Case Studies

What We've Done

Assistive Mobility Device


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Limye_Vet_02
Limye Vet
A walker designed specifically for Haitians in dire poverty. This walker is made of bamboo and rubber – both are natural resources of Haiti.

 

University of Cincinnati

The Opportunity
In 2009, the College of Nursing held two brainstorming sessions with Live Well Collaborative. From these meetings, a list of 20+ possible opportunities was developed. Based on feasibility and ‘likelihood for success’, assistive mobility devices were selected as the subject for redesign in this studio project. Our experience in a variety of healthcare settings consistently found patient mobility devices to be a problem. Similarly, as patients are discharged to a long-term care facility, hospice, or home setting, many of the mobility challenges still remain.

The Challenge

Many affordable assistive mobility devices lack the ergonomics and functionality necessary to meet the needs of today’s users. Poor design can cause repetitive strain and injuries, which can eventually lead to longer–term disability over time. To better understand these challenges and develop solutions to improve assistive mobility devices, LWC gathered a group of students from design and nursing. Together these students explored new opportunities to assist an individual’s ability to remain mobile.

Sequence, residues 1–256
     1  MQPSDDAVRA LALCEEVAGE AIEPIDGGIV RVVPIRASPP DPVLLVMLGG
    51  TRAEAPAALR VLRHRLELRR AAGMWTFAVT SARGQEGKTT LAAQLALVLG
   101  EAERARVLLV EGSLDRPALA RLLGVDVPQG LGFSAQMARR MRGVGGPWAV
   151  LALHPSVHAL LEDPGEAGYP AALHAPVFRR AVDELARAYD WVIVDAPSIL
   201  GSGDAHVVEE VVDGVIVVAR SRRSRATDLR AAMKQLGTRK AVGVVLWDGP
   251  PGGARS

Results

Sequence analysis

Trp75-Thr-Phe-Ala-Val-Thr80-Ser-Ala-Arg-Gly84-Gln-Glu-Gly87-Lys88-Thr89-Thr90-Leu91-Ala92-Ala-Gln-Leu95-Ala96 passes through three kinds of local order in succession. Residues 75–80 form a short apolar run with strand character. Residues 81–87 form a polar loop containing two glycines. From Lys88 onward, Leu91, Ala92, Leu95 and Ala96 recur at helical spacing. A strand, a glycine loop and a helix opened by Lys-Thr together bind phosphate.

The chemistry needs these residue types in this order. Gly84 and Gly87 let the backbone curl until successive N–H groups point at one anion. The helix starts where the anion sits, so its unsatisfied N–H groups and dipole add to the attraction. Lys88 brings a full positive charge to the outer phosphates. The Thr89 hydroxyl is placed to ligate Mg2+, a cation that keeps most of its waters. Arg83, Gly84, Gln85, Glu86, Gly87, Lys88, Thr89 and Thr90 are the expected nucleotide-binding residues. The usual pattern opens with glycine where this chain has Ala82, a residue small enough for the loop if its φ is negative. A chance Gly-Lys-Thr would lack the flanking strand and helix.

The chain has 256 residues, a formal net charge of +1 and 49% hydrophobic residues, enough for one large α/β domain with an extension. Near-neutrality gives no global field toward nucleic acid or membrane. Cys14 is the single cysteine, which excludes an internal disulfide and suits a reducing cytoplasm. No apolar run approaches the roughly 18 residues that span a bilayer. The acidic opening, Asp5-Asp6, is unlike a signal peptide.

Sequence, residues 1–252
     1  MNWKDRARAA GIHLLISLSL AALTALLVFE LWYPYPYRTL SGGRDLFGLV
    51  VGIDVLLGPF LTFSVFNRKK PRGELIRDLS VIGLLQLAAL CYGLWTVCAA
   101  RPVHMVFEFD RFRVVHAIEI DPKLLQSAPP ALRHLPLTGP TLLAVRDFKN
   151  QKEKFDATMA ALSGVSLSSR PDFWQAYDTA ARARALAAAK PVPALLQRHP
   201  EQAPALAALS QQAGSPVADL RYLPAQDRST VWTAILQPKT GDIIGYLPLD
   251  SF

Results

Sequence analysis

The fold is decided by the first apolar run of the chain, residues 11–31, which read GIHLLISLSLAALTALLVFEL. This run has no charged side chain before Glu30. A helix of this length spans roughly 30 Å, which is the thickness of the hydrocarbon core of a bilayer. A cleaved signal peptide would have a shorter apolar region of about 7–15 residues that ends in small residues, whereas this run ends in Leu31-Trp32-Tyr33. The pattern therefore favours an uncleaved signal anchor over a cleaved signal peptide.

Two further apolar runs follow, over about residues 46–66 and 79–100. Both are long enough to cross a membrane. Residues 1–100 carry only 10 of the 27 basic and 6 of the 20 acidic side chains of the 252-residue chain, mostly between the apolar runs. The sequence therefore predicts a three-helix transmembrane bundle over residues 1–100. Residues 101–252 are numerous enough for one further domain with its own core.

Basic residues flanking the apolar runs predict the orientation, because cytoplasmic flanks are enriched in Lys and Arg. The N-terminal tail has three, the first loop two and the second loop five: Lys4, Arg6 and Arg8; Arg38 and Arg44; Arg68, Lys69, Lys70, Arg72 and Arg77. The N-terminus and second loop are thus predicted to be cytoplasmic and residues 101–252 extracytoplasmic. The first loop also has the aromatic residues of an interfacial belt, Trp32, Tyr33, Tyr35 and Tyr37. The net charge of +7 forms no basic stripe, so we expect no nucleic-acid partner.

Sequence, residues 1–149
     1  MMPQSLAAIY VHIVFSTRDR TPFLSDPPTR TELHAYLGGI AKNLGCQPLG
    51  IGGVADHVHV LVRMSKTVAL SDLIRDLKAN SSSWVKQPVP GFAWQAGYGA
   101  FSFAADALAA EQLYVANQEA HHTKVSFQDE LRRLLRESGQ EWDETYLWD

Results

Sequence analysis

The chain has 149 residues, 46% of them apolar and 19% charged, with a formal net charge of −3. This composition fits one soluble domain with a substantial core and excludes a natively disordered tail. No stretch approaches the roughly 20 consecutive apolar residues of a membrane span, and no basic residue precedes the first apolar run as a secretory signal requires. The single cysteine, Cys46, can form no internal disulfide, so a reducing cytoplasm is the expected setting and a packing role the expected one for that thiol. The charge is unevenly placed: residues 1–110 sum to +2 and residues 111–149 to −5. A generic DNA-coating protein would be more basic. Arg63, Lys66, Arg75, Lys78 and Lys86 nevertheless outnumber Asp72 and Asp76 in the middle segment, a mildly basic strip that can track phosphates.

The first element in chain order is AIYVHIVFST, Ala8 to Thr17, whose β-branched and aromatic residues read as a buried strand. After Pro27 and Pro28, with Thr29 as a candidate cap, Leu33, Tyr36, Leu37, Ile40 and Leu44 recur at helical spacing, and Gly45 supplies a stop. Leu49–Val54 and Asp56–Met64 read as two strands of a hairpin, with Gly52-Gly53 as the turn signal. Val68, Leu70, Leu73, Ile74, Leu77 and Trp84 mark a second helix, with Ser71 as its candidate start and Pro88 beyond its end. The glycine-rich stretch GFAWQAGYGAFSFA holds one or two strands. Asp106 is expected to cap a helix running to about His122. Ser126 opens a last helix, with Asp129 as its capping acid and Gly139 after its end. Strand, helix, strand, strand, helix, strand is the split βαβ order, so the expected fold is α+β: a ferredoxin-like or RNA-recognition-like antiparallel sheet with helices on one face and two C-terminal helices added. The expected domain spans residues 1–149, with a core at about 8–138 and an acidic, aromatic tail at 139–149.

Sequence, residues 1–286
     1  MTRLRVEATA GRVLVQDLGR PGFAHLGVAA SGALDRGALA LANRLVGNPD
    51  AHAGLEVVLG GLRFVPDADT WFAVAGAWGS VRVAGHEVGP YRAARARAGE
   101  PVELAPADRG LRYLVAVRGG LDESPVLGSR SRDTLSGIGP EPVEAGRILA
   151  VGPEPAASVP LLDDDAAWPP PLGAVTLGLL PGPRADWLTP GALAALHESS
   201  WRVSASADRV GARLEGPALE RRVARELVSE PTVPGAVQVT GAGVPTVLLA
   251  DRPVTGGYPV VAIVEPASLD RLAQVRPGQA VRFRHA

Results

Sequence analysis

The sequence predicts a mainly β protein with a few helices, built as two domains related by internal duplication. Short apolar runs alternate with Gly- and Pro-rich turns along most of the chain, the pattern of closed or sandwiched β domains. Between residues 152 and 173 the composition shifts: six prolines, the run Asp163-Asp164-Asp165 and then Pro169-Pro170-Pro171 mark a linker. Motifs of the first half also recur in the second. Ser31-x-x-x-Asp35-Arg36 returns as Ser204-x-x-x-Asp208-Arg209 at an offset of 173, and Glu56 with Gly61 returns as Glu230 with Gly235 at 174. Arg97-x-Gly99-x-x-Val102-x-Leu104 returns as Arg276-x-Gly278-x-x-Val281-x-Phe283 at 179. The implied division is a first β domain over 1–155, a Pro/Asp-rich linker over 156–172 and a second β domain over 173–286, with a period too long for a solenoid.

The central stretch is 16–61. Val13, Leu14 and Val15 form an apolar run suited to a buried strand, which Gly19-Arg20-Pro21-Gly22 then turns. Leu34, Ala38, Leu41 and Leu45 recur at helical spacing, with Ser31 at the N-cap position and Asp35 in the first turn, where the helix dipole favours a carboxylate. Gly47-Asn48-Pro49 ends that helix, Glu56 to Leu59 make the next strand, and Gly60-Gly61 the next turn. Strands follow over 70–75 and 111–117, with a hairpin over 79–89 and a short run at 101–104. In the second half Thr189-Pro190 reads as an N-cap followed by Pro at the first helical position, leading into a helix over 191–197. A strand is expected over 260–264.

The Approach

In order to empathize with those completing tasks with walkers and canes, students participated in various simulation experiences. These simulations were conducted to better understand the physical, psychological, emotional, social, and environmental aspects of relying on assistive devices. Resulting insights from the exercises, and guidance from consumers, hospital staff, and caregivers, served as a foundation for the conceptualization and development of unique product and service ideas.

The Results

The students came up with six over–arching design themes that included: mobility, accessibility, organization, durability, customization, and sanitary issues. These themes helped guide brainstorming and the development of various concepts. The final concepts were elegant, stigma-free, ergonomic mobility devices that adapt to the needs of the user without compromising functionality.

 

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